I'm developing a IMHO very interesting algorithm for integer division. This algorithm uses boolean shifting(It shifts left for multiplication by 2). I'm wondering if << c is $O(c)$ or $O(n)$. I'm hearing it depends on architecture. Algorithms ideally should be architecture independent. So for the purposes of analysing the time complexity of my algorithm, should I consider << c as 1 primitive operation or c primitive operations.

I've looked at the other questions here, and they are saying it depends on the machine.

I'm using RAM model of computation, but don't want to assign << c a cost of 1 when it may in fact cost c.

  • $\begingroup$ Of course it depends on the architecture. You have to check your CPU vendors manual to see how many cycles a shift takes. $\endgroup$
    – adrianN
    Dec 28 '16 at 14:45

Most of architectures use a single instruction for left and right shift.

Usually, this instruction (WLOG we condier only logical shift left) is LSL, the syntax is the following:

lsl $rd,$rs,#$offset

where rd is the registry in which load the variable, rs is the registry in which store the result and #offset is the number of bit to shift.

So you could consider the left or right shift operation as taking $O(1)$, because this operation takes only a single CPU's clock.

  • $\begingroup$ Sorry, don't know what 'WLOG' means. $\endgroup$ Dec 28 '16 at 13:22
  • $\begingroup$ Without loss of generality $\endgroup$
    – darioSka
    Dec 28 '16 at 13:23

In the RAM machine model, operations on "machine words" cost $O(1)$, where a machine word has width $O(\log n)$ bits, $n$ being the length of the input (in bits). This reflects the instruction sets of real world CPUs, as mentioned in the other answers.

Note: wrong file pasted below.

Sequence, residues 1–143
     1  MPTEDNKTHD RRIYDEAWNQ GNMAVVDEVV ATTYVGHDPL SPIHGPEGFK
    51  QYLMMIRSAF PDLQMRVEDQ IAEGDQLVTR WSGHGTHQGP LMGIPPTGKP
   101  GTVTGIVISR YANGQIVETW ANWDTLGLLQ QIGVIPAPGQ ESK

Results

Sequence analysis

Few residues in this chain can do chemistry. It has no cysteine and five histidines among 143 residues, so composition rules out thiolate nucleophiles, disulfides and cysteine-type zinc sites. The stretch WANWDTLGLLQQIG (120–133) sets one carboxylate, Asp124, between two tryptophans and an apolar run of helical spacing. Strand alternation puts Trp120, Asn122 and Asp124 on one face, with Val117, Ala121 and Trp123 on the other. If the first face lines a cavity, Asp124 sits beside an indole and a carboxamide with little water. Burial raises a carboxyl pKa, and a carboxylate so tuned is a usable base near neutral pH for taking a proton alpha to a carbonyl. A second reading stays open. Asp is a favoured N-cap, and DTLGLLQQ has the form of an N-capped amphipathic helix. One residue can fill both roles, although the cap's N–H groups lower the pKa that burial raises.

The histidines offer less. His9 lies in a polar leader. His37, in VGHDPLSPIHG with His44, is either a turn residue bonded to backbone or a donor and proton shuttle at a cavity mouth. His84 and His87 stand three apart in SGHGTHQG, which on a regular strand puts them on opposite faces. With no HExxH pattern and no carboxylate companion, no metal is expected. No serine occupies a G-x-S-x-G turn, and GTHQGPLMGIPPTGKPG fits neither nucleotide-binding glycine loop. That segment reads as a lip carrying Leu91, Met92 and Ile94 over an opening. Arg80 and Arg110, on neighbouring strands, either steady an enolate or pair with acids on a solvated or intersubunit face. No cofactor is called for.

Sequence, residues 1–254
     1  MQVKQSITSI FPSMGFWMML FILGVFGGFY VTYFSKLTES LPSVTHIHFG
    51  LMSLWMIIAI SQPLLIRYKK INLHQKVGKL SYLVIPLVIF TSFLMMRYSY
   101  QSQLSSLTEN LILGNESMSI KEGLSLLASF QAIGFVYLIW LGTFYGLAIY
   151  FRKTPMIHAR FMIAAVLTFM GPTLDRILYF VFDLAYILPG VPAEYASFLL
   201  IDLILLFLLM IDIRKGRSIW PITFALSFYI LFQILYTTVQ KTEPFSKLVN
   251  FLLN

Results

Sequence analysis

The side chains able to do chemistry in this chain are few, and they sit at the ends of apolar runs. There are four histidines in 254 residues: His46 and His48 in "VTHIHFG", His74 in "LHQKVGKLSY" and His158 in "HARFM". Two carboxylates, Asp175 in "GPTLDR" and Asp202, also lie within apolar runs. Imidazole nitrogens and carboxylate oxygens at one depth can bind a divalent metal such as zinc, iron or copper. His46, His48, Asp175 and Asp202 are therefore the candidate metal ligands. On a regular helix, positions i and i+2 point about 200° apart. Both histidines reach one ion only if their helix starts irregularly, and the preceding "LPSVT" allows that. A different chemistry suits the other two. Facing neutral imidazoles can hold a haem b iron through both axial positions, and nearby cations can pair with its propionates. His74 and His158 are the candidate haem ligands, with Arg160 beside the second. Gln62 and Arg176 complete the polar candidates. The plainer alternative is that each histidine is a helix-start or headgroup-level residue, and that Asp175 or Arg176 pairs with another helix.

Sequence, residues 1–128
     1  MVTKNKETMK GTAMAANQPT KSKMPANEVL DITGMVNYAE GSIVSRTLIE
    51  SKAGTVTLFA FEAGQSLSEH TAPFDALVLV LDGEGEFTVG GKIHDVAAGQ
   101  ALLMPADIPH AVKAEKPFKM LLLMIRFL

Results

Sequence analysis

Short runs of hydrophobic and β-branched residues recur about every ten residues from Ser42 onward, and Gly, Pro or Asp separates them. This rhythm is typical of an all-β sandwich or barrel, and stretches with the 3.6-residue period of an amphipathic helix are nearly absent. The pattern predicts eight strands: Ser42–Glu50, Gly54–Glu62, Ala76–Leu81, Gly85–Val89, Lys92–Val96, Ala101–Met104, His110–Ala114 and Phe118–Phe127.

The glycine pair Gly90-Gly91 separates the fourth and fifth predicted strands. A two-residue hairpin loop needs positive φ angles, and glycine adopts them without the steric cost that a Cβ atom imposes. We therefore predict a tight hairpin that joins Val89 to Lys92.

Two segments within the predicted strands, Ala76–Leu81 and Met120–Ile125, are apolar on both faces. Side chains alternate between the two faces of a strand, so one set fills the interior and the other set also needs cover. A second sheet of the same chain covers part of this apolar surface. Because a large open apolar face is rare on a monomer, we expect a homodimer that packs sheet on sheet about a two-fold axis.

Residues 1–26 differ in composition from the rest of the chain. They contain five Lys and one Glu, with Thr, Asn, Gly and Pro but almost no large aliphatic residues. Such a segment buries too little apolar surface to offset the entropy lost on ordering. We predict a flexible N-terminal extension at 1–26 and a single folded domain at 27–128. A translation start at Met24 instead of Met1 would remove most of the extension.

While the RAM machine model makes sense for many algorithmic tasks, it is not a good fit for large integer arithmetic, since in practice the machine word is fixed while the integer length is growing. Instead, one usually measures bit operations. Shifting an $m$-bit integer by $c$ bits takes $O(m+c)$ bit operations.

These issues are explored in a paper of Martin Fürer, the inventor of the fastest known integer multiplication algorithm (which is also the fastest known integer division algorithm).

  • 3
    $\begingroup$ Fürer's algorithm is no longer the fastest known. ​ ​ $\endgroup$
    – user12859
    Dec 29 '16 at 0:49
  • $\begingroup$ I disagree with your analysis of shifting. To shift an $m$ bit integer by $c$ bits, I would need at most $c$ bit operations. To expand, shifting right by $c$ bits, is deleting the $c$ most significant bits. Shifting left by $c$ bits, is simply adding $c$ trailing 0s, so all in all $c$ operations. I guess the time complexity of shifting is $O(c)$ then. $\endgroup$ Dec 29 '16 at 15:41
  • $\begingroup$ @TobiAlafin We will have to disagree. $\endgroup$ Dec 29 '16 at 22:41
  • $\begingroup$ I'm not against disagreeing. But please at least explain why you disagree? Is there a fault in my argument? $\endgroup$ Dec 29 '16 at 22:55
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    $\begingroup$ @TobiAlafin it depends on how you implement arrays. The usual implementation doesn't allow you to add elements on both sides for free, but you could use an alternative implementation. $\endgroup$ Dec 30 '16 at 8:14

On most modern CPU architectures, such as an i5 or i7, bitshifting isn't only constant time, it's typically done in just a couple clock cycles max. It's generally considered one of the fastest operations you can do.


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